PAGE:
In 1979, Norman Mailer published The Executioner’s Song, a novel that narrated the life and death of Gary Gilmore, a notorious killer executed in 1977. Loving (English/Texas A&M Univ.; Confederate Bushwhacker: Mark Twain in the Shadow of the Civil War, 2013, etc.) offers the back story of Mailer’s fraught relationship with the murderer whose story was eerily similar to that of Gilmore.
At the end of his mighty book, Mailer acknowledged the “exceptional letters” from Jack Henry Abbott “that delineate the code, the morals, the anguish, the philosophy, the pitfalls, the pride, and the search for inviolability of hard-line convicts.” Abbott, who said he knew Gilmore, was also a coldblooded murderer imprisoned since adolescence, reared by a punishing government. Both prisoners raged against regulation, controlling “pigs,” fellow cons, and sniveling do-gooders. Gilmore had some artistic talent, and Abbott had uncanny literary skill, founded on sophisticated reading, including Baudelaire, Kierkegaard, Rimbaud, and Marx. Abbott surely sensed an ally in Mailer, who had famously stabbed his own wife. The convict’s letters cemented a relationship with the celebrated author, and Mailer was an important voice in gaining Abbott’s parole. Eventually, Abbott released his musings in the form of In the Belly of the Beast (1981), which became a bestseller. The morning before a positive review appeared in the New York Times, he stabbed to death a blameless waiter. He was soon captured and found guilty of manslaughter. His defense was “prison paranoia”—i.e., he was trained by the state to kill. Mailer pleaded for a brief sentence because of the killer’s writerly talent, but Abbott died in prison, perhaps by his own hand. In his forthright, if sporadic report, which could have used a chronology, Loving relies on research and the available correspondence between the famed writer and the clever convict, and he reveals the odd nexus of literature and penology, the meeting of art and criminality.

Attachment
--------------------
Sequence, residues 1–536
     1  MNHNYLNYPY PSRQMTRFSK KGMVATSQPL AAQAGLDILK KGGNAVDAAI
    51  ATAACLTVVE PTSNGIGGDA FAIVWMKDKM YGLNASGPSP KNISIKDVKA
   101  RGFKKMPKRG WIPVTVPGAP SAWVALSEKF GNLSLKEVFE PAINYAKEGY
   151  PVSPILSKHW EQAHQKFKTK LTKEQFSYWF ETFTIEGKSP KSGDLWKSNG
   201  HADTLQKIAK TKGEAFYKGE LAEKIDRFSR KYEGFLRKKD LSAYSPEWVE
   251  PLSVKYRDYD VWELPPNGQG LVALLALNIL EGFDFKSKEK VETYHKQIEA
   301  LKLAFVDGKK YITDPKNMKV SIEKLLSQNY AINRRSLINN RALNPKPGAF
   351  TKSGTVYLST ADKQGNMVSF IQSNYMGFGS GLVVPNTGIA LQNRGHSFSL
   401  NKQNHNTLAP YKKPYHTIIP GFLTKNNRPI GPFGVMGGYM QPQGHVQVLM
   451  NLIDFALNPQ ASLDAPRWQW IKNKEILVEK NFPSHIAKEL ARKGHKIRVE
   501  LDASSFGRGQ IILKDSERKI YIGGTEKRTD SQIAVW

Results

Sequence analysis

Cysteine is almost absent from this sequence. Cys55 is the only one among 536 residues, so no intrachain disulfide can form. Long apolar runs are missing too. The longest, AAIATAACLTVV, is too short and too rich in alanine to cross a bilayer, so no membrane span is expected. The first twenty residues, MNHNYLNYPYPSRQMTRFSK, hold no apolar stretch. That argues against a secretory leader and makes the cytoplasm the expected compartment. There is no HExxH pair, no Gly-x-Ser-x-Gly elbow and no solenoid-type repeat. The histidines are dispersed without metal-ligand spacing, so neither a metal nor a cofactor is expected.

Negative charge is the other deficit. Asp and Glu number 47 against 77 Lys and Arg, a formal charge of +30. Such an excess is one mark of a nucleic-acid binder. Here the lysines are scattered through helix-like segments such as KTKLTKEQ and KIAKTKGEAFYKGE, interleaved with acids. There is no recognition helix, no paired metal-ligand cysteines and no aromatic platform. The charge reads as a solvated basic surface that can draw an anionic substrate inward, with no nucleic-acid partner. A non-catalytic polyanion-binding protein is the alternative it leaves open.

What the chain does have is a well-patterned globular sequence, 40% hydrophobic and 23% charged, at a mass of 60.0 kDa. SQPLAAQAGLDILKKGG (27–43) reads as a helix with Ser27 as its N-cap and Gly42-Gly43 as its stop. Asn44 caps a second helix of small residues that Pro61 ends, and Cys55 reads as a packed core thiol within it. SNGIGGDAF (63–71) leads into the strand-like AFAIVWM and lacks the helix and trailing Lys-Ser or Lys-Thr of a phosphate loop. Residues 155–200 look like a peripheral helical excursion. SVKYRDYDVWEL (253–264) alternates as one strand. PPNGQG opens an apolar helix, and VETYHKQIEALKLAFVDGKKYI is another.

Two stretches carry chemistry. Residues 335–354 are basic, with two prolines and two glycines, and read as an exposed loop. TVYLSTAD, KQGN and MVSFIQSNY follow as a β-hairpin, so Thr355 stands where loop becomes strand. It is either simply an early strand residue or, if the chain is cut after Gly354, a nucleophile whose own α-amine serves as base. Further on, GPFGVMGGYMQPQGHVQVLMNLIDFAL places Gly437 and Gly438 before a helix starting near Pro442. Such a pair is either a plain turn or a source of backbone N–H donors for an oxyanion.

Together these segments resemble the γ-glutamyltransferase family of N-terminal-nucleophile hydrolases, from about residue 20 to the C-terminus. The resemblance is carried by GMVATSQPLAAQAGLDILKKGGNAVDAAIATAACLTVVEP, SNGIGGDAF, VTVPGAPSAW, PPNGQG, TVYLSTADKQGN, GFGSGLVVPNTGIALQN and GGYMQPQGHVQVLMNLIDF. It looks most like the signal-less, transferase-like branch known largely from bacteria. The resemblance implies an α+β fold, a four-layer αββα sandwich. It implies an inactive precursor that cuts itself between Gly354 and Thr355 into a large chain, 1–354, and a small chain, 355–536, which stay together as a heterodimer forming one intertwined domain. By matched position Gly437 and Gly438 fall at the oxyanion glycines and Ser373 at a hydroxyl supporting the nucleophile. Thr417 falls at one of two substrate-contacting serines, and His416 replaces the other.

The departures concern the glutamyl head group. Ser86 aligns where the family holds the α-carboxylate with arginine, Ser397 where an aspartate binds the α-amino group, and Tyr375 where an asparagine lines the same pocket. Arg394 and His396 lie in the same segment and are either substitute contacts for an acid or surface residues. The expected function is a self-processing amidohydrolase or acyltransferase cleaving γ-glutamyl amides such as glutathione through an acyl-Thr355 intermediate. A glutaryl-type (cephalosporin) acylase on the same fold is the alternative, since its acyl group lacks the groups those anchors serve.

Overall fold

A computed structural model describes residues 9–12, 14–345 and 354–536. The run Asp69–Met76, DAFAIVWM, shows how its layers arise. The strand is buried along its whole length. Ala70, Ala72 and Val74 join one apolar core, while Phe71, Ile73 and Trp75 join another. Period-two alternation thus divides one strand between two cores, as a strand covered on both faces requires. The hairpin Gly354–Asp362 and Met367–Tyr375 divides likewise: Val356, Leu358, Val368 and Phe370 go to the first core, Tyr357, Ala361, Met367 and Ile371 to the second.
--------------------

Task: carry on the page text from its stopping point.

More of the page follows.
A sympathetic telling of the life and death of an infamous convict and the ill-fated intervention of a famed writer.